A couple of weeks ago, I posted about Keats and “To Autumn,” mentioning in passing the poet’s contemporary critics. A reader wrote with further reflections on Keats’s critical reception. He unfurls this more artfully than I possibly could, so here’s his message in its entirety:
Reading your comments on Keats today, and especially your mention of his critics,
moves me to share with you one of my very favorite passages. It is from a biography
of Keats that was published in the Ninth Edition of the Encyclopaedia Britannica.
After a single sentence giving the date and place of Keats’ birth, the author moves
directly into the critical history:
In his first book there was little foretaste of anything greatly or even genuinely
good; but between the marshy and sandy flats of sterile or futile verse there were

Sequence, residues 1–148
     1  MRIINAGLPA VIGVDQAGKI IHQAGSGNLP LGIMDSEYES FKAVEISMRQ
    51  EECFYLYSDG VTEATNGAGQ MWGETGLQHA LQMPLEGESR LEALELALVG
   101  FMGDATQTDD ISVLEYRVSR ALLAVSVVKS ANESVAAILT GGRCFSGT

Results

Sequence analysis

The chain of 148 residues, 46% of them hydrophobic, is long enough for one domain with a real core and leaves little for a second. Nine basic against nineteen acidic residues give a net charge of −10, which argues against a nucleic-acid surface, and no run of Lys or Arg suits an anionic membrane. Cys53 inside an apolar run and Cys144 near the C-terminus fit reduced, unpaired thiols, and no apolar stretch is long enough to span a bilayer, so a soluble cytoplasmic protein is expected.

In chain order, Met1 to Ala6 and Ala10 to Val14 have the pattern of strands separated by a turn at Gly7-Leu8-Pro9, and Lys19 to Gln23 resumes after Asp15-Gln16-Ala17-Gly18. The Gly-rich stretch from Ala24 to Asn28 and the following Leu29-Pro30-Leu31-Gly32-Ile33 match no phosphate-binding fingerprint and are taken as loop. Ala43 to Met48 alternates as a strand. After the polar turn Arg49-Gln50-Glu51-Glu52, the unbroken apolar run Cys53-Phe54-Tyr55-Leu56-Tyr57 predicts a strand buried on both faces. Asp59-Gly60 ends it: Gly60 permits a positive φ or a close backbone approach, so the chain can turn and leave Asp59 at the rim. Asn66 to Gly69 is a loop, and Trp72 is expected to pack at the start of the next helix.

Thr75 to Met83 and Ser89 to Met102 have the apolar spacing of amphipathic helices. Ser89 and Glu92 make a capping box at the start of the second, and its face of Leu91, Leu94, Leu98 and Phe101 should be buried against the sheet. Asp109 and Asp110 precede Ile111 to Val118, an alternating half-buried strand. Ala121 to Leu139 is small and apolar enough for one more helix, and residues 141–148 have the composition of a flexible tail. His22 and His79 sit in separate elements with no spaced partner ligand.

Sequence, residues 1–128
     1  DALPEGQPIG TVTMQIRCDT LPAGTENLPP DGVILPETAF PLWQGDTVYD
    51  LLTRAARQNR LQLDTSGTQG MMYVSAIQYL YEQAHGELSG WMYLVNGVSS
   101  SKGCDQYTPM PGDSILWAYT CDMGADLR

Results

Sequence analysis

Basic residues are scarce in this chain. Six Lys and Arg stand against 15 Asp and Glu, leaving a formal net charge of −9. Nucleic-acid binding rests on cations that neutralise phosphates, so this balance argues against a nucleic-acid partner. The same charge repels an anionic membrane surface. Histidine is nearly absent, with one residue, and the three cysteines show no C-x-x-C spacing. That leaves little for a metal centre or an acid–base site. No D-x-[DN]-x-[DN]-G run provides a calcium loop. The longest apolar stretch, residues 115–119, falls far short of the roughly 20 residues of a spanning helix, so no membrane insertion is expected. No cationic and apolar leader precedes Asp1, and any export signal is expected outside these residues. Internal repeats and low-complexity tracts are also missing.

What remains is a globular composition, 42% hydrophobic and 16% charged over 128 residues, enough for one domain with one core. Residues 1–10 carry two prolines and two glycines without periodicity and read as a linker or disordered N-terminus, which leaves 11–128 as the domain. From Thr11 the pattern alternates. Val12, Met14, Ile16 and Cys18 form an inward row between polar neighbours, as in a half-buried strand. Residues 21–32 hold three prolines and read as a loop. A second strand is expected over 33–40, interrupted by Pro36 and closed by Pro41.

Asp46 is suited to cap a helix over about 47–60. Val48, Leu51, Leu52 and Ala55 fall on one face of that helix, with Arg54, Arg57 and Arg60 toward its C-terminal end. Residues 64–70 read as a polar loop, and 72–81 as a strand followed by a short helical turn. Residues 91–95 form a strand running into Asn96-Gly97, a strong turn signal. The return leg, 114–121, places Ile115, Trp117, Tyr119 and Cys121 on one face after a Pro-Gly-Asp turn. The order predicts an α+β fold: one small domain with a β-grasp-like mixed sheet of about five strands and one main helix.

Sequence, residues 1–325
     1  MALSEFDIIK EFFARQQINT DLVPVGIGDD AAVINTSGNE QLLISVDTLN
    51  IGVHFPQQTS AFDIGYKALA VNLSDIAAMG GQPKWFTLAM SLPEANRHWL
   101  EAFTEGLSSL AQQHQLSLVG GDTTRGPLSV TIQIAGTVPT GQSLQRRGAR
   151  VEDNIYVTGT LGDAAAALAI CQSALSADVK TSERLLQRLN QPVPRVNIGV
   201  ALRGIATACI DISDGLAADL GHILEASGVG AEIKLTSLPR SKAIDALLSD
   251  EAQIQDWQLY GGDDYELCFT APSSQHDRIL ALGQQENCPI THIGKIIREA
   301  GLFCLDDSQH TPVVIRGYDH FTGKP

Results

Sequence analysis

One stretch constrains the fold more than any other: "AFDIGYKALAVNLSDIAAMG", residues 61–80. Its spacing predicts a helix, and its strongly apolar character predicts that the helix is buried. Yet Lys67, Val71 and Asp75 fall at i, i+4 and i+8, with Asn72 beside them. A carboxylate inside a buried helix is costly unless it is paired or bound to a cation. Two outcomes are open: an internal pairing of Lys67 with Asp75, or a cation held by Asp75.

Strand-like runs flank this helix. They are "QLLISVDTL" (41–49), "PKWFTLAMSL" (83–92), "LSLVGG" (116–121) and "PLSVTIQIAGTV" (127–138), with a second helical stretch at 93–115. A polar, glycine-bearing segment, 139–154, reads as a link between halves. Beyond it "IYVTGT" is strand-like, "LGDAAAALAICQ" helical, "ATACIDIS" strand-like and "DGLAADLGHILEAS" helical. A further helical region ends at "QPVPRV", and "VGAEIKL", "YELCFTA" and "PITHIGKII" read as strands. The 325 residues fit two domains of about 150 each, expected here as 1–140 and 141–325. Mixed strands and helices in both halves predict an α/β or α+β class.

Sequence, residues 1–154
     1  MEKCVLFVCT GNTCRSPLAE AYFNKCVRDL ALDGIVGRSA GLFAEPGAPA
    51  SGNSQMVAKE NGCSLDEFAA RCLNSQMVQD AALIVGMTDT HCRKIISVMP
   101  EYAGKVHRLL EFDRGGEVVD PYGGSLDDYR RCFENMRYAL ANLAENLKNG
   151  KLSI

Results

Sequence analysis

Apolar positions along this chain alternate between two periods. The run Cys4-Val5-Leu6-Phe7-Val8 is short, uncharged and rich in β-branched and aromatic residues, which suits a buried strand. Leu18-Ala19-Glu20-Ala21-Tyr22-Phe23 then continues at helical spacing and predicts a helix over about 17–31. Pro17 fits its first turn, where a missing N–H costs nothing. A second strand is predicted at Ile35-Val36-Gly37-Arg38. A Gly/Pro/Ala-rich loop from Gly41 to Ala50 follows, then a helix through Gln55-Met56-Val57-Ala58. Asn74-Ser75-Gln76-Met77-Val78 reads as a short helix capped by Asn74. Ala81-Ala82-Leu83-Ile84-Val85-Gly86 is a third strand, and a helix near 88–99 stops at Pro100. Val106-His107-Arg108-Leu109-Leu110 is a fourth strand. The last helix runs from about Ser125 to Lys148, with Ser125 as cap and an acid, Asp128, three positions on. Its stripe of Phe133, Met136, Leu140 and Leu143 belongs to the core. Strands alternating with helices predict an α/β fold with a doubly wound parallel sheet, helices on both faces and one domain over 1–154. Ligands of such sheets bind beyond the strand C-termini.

undoubtedly some few purple patches of floral promise. His third book raised him at
once to a foremost rank in the highest class of English poets. Never was any one of
them but Shelley so little of a marvelous boy and so suddenly revealed as a
marvelous man. Never has any poet suffered so much from the chaotic misarrangement
of his poems in every collected edition. The rawest and the rankest rubbish of his
fitful spring is bound up in one sheaf with the ripest ears, flung into one basket
with the richest fruits, of his sudden and splendid summer. The Ode to a
Nightingale, one of the final masterpieces of human work in all time and for all
ages, is immediately preceded in all editions now current by some of the most vulgar
and fulsome doggerel ever whimpered by a vapid and effeminate rhymester in the
sickly stage of whelphood.
If that strikes you as unusual prosody for an encyclopedia, you are right. It is
Swinburne. On a few occasions I have, with some success, read this paragraph aloud
Just marvelous. Thank you, Bob.